Wednesday, June 08, 2005

Huh, me?!

What's the fastest way to go to jail in Egypt?

By having a political activist friend ask you to join their newly formed committee that will represent the independents in the Youth for Change movement in the Kefaya conference on the 23rd, and you say "Sure".

Absolutely no comment. Abit funny actually! They obviously haven't read my blog. I doubt that I'll last for more than a meeting.

11 comments:

Alina said...

Mohamed, I really don't know much about what's going on in Egypt, politically speaking. So please explain more about this going to jail. Is it really an option or are you being ironic about freedom in your country. I promise I will read more on the subject, but please excuse my ignorance for now!

Mohamed said...

Yeah, I'm being abit sarcastic I guess, but it could end up in jail yes (too soon for that though, and you have to do more than just attend meetings). I have two links in the above post to two other relevant posts regarding the same topic. And in this one I talk about Kefaya.

haal said...

I will say sure, join. Why not. As you said, you have to do more than just attending meetings.
Time to be proactive and believing in this country.

Alina said...

Well, take care not to get in jail. But if you must get there, make sure they give you an online computer/laptop so that you can tell us all about it!!! And by saying this I'm not selfish at all! I'm not worried about not having posts and comments to read, I am worried about your well-being! :))

Mohamed said...

Don't worry Kayla. I'm not the kind of guy who goes to jail easily. But thanks for the concern.

MoonLightShadow said...

Umm.. I've got a question. It's not related to ur post, but I feel like asking it.

Which do u think comes first, political education, or a free democratic country where people can make use of their rights?!

Mohamed said...

Is there such a thing as 'political education'? What do you educate them about, how to go about living their lives, and pick the right candidates to represent and govern them? Its not so much education of the people, as involvement of the people I suppose. Having a say in what their lives and future should look like. Education should be about everything but politics I think.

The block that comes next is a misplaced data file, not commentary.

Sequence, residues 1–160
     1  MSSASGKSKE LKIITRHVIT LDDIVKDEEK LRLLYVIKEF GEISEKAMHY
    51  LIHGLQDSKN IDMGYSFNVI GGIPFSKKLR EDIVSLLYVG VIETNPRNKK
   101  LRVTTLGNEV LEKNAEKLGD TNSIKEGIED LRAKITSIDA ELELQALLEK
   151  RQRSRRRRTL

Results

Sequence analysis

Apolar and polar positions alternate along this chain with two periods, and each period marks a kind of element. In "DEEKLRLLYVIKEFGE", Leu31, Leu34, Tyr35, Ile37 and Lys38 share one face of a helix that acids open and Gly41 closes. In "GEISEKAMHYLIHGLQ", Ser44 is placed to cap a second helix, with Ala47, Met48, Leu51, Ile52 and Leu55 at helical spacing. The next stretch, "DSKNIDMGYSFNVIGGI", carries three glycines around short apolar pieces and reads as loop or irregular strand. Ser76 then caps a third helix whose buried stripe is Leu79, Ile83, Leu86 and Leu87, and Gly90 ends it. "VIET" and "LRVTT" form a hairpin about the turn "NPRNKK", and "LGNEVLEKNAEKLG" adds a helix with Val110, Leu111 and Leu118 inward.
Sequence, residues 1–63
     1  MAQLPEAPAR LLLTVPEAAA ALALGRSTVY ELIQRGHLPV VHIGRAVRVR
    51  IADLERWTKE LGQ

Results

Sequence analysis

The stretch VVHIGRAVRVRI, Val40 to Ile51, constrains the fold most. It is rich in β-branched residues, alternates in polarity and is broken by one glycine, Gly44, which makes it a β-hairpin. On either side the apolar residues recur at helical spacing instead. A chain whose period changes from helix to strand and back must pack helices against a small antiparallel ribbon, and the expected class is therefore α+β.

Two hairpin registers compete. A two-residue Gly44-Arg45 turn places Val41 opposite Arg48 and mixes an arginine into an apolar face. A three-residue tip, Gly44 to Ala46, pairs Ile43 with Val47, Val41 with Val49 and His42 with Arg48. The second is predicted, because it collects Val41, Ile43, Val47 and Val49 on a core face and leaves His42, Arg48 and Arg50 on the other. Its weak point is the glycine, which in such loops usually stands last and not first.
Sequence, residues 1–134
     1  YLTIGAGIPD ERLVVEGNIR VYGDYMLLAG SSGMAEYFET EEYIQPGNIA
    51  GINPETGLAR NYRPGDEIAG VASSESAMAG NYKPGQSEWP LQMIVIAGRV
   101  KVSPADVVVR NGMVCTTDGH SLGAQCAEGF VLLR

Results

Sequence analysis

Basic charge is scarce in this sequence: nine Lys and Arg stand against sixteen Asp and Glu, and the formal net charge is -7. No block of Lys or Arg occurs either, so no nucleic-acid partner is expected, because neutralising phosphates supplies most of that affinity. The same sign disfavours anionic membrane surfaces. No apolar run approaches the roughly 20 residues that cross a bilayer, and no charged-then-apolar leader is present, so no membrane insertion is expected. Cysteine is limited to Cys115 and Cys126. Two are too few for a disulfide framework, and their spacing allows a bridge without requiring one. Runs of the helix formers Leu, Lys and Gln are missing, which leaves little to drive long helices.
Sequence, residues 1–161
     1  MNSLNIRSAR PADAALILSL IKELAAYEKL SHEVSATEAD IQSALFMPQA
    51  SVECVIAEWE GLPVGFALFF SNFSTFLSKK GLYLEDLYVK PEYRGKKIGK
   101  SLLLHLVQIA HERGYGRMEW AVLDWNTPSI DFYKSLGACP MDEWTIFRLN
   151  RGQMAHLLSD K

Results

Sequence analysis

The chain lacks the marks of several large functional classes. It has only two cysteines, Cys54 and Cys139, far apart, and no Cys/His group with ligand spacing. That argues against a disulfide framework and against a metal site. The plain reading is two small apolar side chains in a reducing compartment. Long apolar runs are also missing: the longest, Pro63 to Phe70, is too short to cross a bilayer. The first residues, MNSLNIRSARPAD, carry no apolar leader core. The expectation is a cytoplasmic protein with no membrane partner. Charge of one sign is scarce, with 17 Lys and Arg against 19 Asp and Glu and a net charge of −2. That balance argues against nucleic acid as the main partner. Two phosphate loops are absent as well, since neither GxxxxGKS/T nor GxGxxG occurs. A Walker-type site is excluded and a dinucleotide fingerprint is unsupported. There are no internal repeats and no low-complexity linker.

programmer craig said...

I suppose it could work that way, Mohamed. In the United States, elementary and high school history books are full of political philosophies. Also, in high school, most states require taking a Civics class and a Government class - 11th and 12th grade, I believe. In college, political courses are optional, as this education is considered to be a basic requirement for children, and is assumed to be already known by adults in college. Though, I have to say, most Americans have a very crude understanding of their own government. Maybe that's not fair, but it's still my opinion :)

You really don't have any political classes in Egypt?

programmer craig said...

Ah... forgot to answer your question!

>>What do you educate them about

Mostly "Checks and Balances" - setting up a government in such a way that no one person or group has so much power that they cannot be over-ruled by another person or group. There's a lot more to making an effective and accountable democracy than that, but I'd say that is the most important thing.

Al Sharief said...

"Checks and Balances", though sounding too american to fit around this part of the world, it would be helpful to teach all nowadays egypt's activists and even party leaders. The highlight is the good old saying that :
Power corrupts & Abslute Power corrupts abslutly..

MoonLightShadow said...

Is there such a thing as 'political education'?

Yeah, I guess there is such a thing. At least to give people the basics of how to contribute. Give them the basic definitions of political terms which they don't understand.

I'm talking about the majority of Egyptian people. Those who don't know the difference between elections and referendums.

Name it political education, name it political awareness, whatever.